The Court has had a difficult time articulating a test to determine when a regulation becomes a taking. It has said there is "no set formula" and that courts "must look to the particular circumstances of the case." The Court has identified some relevant factors to consider: the economic impact of the regulation, the degree to which the regulation interferes with investor-
backed expectations, and the character of the government action. Still, as our cases suggest, there is a lot of room for argument as to how these various factors should be weighed.


from University of Missouri at Kansas City School of Law


''When . . . [the] power [of eminent domain] is exercised it can only be done by giving the party whose property is taken or whose use and enjoyment of such property is interfered with, full and adequate compensation, not excessive or exorbitant, but just compensation.'' Backus v. Fort Street Union Depot Co., 169 U.S. 557, 573 , 575 (1898).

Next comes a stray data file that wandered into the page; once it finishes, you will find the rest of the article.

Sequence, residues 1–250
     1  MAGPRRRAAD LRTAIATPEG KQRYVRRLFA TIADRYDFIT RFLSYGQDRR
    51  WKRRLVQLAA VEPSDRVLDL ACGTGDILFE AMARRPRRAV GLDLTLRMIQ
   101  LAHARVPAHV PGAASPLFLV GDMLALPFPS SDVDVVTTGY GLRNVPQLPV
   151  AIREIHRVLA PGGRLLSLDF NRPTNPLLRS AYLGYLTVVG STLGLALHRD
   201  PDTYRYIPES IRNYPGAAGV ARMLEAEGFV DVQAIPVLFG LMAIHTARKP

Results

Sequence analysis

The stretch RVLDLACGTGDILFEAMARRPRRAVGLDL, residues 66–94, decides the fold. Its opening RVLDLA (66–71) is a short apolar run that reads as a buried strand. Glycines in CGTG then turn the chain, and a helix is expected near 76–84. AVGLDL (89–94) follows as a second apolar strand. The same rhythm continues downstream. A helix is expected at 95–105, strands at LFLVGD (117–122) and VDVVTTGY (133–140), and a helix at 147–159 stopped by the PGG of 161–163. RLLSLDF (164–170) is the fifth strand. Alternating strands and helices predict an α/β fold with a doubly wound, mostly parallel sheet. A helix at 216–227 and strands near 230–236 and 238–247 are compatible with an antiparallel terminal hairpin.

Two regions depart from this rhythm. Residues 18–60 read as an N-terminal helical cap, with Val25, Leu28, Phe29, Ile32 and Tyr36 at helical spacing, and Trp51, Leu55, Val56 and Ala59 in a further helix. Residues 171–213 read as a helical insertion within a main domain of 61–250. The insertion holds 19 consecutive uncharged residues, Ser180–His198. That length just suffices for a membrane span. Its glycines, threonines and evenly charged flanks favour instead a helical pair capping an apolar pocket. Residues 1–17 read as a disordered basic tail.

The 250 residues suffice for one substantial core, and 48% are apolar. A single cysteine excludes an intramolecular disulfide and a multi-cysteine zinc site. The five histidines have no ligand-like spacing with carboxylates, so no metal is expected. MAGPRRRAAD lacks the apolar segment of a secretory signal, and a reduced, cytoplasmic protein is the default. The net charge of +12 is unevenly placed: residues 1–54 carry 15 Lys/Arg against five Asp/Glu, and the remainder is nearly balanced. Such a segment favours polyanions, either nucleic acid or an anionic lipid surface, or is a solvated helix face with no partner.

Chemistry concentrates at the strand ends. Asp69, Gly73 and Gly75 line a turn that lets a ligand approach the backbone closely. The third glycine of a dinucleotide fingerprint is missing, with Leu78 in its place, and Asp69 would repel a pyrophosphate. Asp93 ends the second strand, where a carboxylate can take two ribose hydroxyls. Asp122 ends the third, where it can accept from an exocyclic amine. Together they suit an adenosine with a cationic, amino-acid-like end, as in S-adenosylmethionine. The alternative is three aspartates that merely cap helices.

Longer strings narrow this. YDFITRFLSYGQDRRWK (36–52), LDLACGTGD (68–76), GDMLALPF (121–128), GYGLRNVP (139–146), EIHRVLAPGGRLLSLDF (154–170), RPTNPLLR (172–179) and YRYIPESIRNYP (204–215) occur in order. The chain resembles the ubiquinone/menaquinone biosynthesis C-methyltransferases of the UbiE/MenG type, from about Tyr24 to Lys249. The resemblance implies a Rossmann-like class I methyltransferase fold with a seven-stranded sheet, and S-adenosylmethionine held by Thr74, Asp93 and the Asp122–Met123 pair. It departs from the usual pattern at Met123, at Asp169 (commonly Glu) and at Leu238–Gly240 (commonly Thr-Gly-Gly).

The issue whether one's property has been ''taken'' with the consequent requirement of just compensation can hardly arise when government institutes condemnation proceedings directed to it. Where, however, physical damage results to property because of government action, or where regulatory action limits activity on the property or otherwise deprives it of value, whether there has been a taking in the Fifth Amendment sense becomes critical.


A later formulation was that ''property is taken in the constitutional sense when inroads are made upon an owner's use of it to an extent that, as between private parties, a servitude has been acquired either by agreement or in course of time.'' 242 United States v. Dickinson, 331 U.S. 745, 748 (1947).